A song that’s been running through my head this week is “Open Hands,” by Laura Story. The lyrics say this: “I’m not afraid of what I’ll lose / My greatest joy is finding You.”
Maybe we’re afraid to live with open hands because we’re afraid of what we’ll lose, but here’s the amazing thing about God: When we give it all, we aren’t left empty-handed. When we are kind, God repays us for our kindness and takes care of our needs (Proverbs 11:25).
I am not saying this as a prosperity message; we shouldn’t give to just get from others. But I am saying that when we give of ourselves, God fills us up in return.
Mary’s gift didn’t just minister to Jesus. Her gift has ministered to millions of people — through the Word of God. As Jesus predicted, the fragrance of Mary’s act affected not only those in the room that day but scores of others who have read of her story in Scripture.
However, to give her gift, she had to break the seal holding tight the jar of nard. She had to break past her societal inhibitions and say no to her flesh that would tell her that such a gift was insane and extravagant. She had to fully empty herself to best give herself to Jesus.
Similarly, it’s when we allow ourselves to be broken open for others, when we offer to use our own hair to wipe the feet of Jesus — God can use that which we are holding onto to minister to others. Because that which we release in the service of God for His glory, however costly, is that which comes back to us in full measure (Luke 6:38). In contrast, that which we hold onto that God asks of us, is that which we will eventually lose.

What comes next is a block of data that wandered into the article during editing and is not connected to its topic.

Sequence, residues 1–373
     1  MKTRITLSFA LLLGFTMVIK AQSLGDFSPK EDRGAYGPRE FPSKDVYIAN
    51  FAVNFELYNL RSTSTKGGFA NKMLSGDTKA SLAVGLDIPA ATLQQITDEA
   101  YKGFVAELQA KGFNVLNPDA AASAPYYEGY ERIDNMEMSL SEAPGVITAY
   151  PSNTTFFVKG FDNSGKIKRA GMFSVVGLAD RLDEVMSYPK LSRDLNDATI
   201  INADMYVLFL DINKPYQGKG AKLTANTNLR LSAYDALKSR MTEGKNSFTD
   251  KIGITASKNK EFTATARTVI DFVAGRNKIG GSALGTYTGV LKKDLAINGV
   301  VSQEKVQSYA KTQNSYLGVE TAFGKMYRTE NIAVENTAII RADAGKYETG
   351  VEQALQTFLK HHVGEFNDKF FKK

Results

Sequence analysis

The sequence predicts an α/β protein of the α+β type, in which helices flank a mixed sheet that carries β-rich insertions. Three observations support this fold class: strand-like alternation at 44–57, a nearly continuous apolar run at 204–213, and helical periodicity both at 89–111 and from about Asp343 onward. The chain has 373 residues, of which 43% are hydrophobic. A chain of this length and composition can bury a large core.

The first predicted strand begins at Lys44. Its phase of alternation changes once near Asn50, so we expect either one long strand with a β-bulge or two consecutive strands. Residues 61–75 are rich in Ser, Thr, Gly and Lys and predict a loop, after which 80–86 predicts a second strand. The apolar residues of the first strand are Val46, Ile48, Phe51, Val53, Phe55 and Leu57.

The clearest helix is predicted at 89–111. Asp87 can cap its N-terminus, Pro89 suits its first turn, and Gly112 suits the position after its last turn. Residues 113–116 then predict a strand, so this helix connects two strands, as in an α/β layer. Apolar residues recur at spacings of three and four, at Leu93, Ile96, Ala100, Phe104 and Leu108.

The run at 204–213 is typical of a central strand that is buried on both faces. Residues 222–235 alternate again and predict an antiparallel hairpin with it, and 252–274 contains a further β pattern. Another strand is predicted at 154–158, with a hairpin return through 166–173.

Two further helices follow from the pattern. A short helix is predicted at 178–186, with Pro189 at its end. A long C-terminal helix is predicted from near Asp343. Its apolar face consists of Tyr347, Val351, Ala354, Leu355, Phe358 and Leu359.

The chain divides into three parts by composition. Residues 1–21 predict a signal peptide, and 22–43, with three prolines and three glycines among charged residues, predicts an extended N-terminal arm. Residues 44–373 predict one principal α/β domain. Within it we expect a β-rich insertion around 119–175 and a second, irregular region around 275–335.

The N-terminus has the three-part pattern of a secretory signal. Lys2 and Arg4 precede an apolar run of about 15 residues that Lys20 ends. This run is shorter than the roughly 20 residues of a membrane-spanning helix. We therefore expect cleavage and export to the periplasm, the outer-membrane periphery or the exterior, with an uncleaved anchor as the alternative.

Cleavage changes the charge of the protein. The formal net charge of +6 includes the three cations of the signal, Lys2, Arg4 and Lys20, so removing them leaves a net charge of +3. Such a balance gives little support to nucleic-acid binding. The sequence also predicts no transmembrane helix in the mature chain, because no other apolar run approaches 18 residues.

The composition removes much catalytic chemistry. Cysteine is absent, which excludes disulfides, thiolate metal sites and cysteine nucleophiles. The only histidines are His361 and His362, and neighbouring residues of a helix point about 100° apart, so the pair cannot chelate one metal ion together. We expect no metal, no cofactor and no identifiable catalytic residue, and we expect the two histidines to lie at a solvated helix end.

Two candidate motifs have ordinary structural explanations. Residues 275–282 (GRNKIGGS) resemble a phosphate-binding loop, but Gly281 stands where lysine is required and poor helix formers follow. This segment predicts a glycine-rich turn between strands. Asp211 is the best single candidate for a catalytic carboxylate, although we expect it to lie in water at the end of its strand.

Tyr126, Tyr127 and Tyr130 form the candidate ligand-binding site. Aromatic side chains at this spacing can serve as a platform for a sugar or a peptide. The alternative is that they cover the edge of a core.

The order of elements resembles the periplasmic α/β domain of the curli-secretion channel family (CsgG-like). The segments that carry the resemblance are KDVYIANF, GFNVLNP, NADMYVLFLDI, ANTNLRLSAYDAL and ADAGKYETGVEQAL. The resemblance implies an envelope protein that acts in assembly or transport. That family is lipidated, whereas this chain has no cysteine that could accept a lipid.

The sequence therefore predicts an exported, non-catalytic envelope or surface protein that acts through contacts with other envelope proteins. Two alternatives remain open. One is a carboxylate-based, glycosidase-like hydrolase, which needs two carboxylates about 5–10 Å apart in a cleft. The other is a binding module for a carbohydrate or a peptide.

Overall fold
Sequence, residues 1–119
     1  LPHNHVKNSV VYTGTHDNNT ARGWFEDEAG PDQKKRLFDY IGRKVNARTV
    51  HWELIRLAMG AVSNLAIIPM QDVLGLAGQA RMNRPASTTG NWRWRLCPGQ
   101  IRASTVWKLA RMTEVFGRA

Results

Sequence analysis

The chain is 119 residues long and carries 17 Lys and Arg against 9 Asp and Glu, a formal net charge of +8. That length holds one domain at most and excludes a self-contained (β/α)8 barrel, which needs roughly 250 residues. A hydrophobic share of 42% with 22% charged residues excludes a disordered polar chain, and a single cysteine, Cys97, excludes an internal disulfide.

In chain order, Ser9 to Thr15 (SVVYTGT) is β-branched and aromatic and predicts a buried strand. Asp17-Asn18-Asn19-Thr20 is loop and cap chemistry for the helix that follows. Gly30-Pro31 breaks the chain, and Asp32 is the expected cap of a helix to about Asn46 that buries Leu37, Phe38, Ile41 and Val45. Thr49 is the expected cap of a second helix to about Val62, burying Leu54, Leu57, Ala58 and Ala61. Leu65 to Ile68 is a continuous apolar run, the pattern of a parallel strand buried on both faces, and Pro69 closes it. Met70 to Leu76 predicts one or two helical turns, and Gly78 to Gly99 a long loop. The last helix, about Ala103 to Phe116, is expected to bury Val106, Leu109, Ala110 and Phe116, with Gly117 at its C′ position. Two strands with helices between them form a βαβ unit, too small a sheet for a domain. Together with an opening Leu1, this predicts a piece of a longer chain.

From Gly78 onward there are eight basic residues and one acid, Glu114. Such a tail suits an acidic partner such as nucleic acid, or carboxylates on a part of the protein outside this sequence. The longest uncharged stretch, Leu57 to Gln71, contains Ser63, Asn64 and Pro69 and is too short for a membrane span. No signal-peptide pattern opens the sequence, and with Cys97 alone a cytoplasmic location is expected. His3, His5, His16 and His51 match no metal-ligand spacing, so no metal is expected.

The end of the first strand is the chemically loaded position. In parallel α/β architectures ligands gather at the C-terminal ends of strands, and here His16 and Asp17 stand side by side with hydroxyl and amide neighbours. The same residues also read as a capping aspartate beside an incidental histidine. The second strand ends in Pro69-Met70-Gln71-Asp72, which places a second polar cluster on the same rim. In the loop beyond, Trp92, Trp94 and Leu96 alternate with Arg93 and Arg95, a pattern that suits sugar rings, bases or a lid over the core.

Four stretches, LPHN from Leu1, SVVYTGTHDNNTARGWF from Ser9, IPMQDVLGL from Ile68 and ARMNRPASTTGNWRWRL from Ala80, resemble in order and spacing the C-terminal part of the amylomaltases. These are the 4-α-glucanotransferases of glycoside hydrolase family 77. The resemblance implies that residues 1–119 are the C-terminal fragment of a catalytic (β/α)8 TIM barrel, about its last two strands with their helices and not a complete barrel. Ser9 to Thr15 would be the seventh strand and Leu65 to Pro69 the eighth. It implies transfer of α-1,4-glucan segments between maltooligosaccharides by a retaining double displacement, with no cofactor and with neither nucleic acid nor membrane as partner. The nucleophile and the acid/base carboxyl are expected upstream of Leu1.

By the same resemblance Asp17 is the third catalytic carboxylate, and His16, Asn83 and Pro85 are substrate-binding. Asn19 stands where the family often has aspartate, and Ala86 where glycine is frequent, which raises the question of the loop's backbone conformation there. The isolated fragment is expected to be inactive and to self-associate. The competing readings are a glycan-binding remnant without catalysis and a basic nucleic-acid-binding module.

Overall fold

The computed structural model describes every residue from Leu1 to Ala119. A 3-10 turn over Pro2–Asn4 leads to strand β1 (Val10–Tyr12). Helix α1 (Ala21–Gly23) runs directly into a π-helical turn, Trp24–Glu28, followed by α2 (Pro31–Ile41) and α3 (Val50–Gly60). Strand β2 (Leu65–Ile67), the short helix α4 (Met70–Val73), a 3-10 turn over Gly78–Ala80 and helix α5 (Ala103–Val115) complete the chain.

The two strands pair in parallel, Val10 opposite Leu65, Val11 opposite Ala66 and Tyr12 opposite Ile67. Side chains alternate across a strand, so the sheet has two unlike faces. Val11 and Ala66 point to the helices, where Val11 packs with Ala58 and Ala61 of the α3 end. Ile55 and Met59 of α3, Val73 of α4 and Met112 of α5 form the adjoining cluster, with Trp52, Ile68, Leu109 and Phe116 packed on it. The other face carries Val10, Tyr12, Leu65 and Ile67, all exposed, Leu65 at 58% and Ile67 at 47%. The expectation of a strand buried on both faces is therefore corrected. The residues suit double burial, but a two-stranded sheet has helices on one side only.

I don’t know about you, but I want to be a person willing to give my life to Jesus in such a way that I am grateful and happy to give away whatever it takes without lamenting the cost.
Related Bible Verses:
1 Corinthians 15:58 (MSG): “My dear, dear friends … don’t hold back. Throw yourselves into the work of the Master, confident that nothing you do for Him is a waste of time or effort.”
Romans 12:1: “Therefore, I urge you, brothers and sisters, in view of God’s mercy, to offer your bodies as a living sacrifice, holy and pleasing to God — this is your true and proper worship.”
Deuteronomy 15:10 (NLT): “Give generously to the poor, not grudgingly, for the Lord your God will bless you in everything you do.”